The fees don’t stop once you board the plane. Perhaps you are feeling a bit peckish on the flight? They’ll be happy to sell you a snack from the selection described in the back of your in-flight magazine. As they roll the snack wagon down the aisle, credit card swiper at the ready, they ask if you would like a snack. Once you tell them that you’d like the celery sticks and ranch dip, they tell you they are out of it. On to healthy option number two: apples slices with cheese and crackers. Nope, they’re out of that too. How about the hummus and pita wedges? Sorry. The gentelman in the row in front of you purchased the last one. There were only 5 snack selections listed in the back of the in-flight magazine and they’re out of three of them. Invariably, the only snacks they have left are a salt lick and some beef jerky.
Since you were able to save money by not eating a snack, you have a few extra dollars to spend on the in-flight entertainment. This varies by airline and by destination. Some airlines provide headphones for free, but the movie or Direct TV will cost you. They’ve made it very convenient with a credit card reader built right into the screen on the seat back. Other airlines provide a free selection of movies, but the headphones, which fit into some weird configuration of holes that match no other headphones sold to the general public, will cost you. I refuse to pay for all of these “luxuries” that used to be included with the price of my ticket.
During my most recent flight, I found a free way to amuse myself at my seat during the time in which I could not use my approved personal electronic device. I thumbed through the Sky Mall catalog; an amalgamation of the best (or worst) of the catalogs you receive in the mail and immediately toss into the recycling bin. Contained within the glossy pages of this catalog is the oddest assortment of goods gathered in a single place. There are travel accessories, which makes sense, but you can also purchase jewelry, clothing, pet products, furniture, housewares, electronics and health and beauty aids. On one page you can buy devices and creams for making hair grow. If that hair turns gray, there’s a product for that. If you decide you don’t want that hair you just grew, don’t worry, 10 pages later there are devices and creams for removing it. It’s one stop shopping from the cramped confines of your seat.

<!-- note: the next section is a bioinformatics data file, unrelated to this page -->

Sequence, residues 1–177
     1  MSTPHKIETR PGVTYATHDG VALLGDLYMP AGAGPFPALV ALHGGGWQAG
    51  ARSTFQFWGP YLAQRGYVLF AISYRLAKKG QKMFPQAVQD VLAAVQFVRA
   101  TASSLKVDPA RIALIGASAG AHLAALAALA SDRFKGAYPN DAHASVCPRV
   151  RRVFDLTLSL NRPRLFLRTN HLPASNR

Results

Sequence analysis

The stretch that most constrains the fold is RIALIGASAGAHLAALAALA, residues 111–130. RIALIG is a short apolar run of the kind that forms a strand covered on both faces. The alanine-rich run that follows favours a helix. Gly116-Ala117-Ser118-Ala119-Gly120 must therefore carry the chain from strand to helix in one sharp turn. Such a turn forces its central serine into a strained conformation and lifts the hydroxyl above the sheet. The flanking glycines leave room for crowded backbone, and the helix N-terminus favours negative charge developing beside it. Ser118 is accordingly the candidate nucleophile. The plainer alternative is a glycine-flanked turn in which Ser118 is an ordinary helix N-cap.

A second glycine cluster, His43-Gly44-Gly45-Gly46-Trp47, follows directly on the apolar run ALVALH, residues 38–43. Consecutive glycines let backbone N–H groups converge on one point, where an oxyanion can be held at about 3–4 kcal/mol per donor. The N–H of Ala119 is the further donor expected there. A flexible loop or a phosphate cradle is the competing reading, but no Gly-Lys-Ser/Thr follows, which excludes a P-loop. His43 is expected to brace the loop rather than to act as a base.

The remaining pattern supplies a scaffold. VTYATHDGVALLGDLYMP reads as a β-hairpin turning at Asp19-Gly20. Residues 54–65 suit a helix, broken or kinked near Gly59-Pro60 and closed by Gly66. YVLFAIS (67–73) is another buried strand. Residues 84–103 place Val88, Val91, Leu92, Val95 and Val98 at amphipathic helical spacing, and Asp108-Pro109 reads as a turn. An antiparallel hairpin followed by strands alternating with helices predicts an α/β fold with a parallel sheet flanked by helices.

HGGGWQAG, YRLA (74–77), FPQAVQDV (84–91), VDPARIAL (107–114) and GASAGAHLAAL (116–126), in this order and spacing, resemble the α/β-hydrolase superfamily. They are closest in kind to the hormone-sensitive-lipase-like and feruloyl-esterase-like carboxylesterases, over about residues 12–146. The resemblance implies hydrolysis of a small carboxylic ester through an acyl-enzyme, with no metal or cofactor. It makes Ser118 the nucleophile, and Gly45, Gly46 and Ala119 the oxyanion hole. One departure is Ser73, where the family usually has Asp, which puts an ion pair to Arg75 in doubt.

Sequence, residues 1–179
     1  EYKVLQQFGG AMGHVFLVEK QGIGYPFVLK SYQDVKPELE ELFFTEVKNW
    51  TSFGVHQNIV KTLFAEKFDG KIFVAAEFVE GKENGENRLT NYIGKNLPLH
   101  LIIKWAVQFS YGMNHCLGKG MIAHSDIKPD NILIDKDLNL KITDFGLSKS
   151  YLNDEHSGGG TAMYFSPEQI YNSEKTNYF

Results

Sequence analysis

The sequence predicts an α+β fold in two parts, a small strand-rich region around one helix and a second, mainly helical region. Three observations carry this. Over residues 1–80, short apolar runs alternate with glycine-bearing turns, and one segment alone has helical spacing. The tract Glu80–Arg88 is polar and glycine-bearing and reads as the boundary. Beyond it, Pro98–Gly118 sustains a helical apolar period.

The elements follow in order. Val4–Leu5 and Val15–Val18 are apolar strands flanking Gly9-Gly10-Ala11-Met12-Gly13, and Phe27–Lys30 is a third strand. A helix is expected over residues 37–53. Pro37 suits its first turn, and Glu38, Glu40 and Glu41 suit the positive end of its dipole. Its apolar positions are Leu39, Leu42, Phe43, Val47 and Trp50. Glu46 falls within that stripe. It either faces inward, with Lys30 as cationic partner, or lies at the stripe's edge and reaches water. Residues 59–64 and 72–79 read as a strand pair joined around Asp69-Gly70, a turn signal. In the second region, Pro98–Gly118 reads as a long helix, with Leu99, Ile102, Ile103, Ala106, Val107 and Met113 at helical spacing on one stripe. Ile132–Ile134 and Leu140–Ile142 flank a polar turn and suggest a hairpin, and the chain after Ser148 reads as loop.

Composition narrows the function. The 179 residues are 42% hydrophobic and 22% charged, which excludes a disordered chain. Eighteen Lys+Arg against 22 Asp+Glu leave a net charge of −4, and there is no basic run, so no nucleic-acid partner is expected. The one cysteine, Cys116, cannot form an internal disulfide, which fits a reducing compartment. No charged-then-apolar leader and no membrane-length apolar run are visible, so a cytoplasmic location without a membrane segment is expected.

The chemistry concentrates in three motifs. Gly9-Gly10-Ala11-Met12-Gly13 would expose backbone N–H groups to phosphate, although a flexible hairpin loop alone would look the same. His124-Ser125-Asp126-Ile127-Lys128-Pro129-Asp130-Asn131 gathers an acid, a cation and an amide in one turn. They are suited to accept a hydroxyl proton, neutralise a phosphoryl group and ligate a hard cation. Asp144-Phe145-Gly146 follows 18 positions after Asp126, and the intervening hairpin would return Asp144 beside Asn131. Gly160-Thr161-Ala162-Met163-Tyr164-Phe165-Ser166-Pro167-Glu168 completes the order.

A few items jumped out at me from this collection of crap unique merchandise. I thought I would share a few of my favorites.
Home Mushroom Garden Kit – Who wouldn’t want fungus growing in their kitchen?
Sumo wrestler glass-topped table – truly a conversation piece
A pierogi Christmas tree ornament – I like pierogies with apple sauce and sour cream, not trees.
I could go on and on, the possibilities are endless.
Passengers leafing through the Sky Mall catalog are a captive audience, crammed in a tight space, delirious with hunger and loopy from jet lag. These are not people who are going to make sound decisions as consumers. Next time you are on a plane, if you don’t have any money left after paying for your luggage, leg room and snack, there’s at least one form of in-flight entertainment that’s still free.